I recently attended a workshop on design leadership by Mia Blume where she described the difference between feedback and critique. She defines feedback as a quick, one-way reaction often grounded in opinion. Critique, she says, is critical dialogue grounded in objectives that helps us understand design decisions.
Unsurprisingly, most designers I've met want as little feedback as possible. It makes sense. The one-way nature of feedback doesn't give designers the time or space to provide context or articulate their decisions.
Meanwhile, people who don't have "Designer" in their job title are forced to make changes to design through feedback. Design isn't their craft, but they're heavily invested in the outcome. In fact, their jobs may depend on it.
When I plan a critique, I include Business Analysts, Product Owners, Subject Matter Experts, and Engineers along with Designers. I coach them on how to talk about design and give them guidelines to follow. Everyone learns from each other. Designers gain a better understanding of the business constraints. Engineers share technical ideas and limitations. All of this makes the critique more effective.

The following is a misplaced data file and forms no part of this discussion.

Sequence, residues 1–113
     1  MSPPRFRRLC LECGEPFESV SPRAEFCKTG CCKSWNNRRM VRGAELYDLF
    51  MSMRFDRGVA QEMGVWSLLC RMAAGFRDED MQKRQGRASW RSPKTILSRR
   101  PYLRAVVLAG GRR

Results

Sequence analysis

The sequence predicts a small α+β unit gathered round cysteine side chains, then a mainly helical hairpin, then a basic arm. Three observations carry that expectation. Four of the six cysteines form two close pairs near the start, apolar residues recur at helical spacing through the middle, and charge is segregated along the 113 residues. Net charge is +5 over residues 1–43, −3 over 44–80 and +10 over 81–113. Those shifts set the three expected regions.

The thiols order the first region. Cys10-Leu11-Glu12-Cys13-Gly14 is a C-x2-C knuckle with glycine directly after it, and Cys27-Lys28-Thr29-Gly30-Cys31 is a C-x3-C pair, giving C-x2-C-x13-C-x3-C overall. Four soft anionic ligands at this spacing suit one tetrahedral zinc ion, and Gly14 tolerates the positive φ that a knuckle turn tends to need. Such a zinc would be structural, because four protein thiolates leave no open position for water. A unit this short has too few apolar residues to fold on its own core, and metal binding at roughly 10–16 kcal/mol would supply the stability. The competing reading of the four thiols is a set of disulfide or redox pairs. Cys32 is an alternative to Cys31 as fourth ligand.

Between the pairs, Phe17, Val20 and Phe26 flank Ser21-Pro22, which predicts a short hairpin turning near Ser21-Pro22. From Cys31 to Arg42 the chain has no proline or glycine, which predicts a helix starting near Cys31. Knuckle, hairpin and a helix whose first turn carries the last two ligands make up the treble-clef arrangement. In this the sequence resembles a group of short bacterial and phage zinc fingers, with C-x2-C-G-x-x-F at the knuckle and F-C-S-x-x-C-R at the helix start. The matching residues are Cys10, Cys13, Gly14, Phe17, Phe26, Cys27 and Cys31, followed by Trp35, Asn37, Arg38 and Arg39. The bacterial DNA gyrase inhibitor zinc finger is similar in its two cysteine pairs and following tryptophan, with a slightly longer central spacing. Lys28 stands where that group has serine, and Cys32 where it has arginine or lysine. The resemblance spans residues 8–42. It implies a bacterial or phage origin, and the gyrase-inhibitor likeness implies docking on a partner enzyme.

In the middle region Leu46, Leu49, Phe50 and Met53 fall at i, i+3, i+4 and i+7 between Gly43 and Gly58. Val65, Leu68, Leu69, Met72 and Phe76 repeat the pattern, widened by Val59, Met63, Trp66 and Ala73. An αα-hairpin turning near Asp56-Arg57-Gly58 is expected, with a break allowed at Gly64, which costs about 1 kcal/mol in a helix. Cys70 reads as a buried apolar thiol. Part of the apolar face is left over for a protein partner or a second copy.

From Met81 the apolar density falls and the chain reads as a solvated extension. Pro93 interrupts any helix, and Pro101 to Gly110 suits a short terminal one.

These are the guidelines I give critique participants, building on what I learned from Mia Blume (take a workshop from her if you can!):
- Let everyone participate. Every perspective on this call is important.
- Ask questions if you’re unsure why something is the way it is.
- Speak from objectives. Avoid phrases like “I don’t like that”.
- Dig into the details. This is the time to talk through the nuances of word choice, button labels, error handling and more.
The whole team is responsible for what we create. By including them in the process, everyone has the opportunity to shape the design and the product is stronger as a result.